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The use of Pitchblend in the 1900s

  1. May 4, 2013 #1
    Hi

    I'm just watching a programme about the life and work of Marie Curie who's just found whopping quantities of radiation in ground up pitchblend. I understand this is now used as a source of uranium, but at the time of her getting hold of sackfuls of it, what was it used for in her day? I'm just interested to know and can't find this information anywhere - did it get used in building or something like that, does anyone know??
     
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  3. May 4, 2013 #2

    SteamKing

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    It wasn't used for anything. It was considered a waste product from silver mines in central Europe. The Austro-Hungarian Empire sent a large quantity of it to the Curies for their experiments in hopes that they might find a use for it.
     
  4. May 4, 2013 #3
    In the 1800s it was used to colour glass and ceramics.
     
  5. May 4, 2013 #4
    Ah, righty ho - very interesting, thank you!
     
  6. May 7, 2013 #5

    SteamKing

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    That was probably from uranium which was separated out of the pitchblende. Whatever use PB might have had did not come close to absorbing the supply, which was why the Austro-Hungarians supplied the Curies: they were hoping that additional uses could be found for this stuff which was clogging up silver mines.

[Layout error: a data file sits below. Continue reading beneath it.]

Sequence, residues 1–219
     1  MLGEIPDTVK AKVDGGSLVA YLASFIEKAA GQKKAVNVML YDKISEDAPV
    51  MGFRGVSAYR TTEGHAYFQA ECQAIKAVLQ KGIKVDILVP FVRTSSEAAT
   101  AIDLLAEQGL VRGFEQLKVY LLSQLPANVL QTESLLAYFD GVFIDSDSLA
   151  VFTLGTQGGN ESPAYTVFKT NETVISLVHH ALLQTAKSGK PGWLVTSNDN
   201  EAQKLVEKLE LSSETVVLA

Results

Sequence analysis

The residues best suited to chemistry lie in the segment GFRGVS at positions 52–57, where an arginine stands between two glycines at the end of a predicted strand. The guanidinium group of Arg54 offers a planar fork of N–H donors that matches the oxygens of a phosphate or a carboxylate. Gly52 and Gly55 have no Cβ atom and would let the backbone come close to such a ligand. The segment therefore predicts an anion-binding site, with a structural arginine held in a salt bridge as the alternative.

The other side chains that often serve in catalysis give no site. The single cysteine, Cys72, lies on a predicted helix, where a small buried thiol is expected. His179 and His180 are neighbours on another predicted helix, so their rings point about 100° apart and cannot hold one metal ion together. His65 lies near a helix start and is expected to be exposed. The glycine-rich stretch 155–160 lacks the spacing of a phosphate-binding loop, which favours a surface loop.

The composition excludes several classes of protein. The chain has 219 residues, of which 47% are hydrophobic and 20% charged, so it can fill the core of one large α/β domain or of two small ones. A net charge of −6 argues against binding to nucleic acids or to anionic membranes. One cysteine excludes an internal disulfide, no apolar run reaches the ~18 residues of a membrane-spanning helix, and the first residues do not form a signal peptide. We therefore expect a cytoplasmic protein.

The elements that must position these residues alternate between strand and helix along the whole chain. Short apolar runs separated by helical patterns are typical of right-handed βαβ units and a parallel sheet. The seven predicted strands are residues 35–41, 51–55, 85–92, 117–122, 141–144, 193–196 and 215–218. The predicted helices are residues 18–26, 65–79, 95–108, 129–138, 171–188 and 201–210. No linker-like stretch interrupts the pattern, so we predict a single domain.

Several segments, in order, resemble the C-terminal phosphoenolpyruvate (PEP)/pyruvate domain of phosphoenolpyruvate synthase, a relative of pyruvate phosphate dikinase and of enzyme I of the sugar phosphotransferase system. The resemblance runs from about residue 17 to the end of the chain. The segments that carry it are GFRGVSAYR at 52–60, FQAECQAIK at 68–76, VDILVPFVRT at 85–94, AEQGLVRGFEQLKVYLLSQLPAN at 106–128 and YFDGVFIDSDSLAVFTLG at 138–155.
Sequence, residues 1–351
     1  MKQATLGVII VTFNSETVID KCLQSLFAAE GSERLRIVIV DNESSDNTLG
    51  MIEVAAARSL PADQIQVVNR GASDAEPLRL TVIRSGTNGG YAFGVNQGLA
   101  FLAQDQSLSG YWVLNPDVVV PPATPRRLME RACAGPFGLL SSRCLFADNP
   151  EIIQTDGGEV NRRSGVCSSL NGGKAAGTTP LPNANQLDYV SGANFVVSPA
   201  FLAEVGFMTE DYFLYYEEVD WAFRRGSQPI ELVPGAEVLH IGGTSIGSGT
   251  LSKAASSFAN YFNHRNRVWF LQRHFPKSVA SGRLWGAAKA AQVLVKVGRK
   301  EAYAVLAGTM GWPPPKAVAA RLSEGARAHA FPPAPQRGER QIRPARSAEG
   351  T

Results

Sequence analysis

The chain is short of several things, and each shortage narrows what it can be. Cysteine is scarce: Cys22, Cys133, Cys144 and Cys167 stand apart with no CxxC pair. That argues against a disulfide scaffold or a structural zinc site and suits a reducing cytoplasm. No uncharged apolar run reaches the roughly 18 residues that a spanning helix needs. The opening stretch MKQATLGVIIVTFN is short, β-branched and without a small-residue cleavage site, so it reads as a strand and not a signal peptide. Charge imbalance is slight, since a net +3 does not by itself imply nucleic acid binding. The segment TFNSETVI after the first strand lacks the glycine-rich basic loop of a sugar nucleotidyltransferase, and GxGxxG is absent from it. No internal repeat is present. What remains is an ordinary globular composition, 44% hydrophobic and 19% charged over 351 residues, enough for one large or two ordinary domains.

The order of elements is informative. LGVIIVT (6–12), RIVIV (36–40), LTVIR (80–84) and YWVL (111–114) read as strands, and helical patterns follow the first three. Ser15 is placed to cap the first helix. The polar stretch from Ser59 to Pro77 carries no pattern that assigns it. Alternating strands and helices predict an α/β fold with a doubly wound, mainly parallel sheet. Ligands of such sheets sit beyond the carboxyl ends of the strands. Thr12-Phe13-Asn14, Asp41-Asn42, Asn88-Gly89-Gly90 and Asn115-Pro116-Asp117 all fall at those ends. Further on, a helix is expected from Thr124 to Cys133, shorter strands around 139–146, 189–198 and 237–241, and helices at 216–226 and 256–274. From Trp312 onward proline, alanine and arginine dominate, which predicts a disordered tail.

7. May 7, 2013 #6
    Thank you SteamKing, most interesting. I wonder what led the Curies to pick upon pitchblend as the substance they would investigate - ok, it was clogging up mines there was so much of it and a plentiful supply of whatever they wanted to text was clearly an important factor, but still, what would have made them think 'oh yes, pitchblend, that's gonna be full of radioactive material'???
     
  8. May 7, 2013 #7

    Vanadium 50

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  9. May 7, 2013 #8
    Brilliant, thank you!
     
  10. May 7, 2013 #9

    SteamKing

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    Madam Curie had done experiments on pitchblende, which was a known source of uranium, and thought there might be additional unknown radioactive elements contained in this mineral:

    http://en.wikipedia.org/wiki/Marie_Curie
     
  11. May 7, 2013 #10
    Brilliant thank you for that. I wasn't sure who else had been doing stuff with this substance or how much was generally known about radioactive materials at the time but this makes it clear how the Curie's came to work more with this material. Thank you.
     
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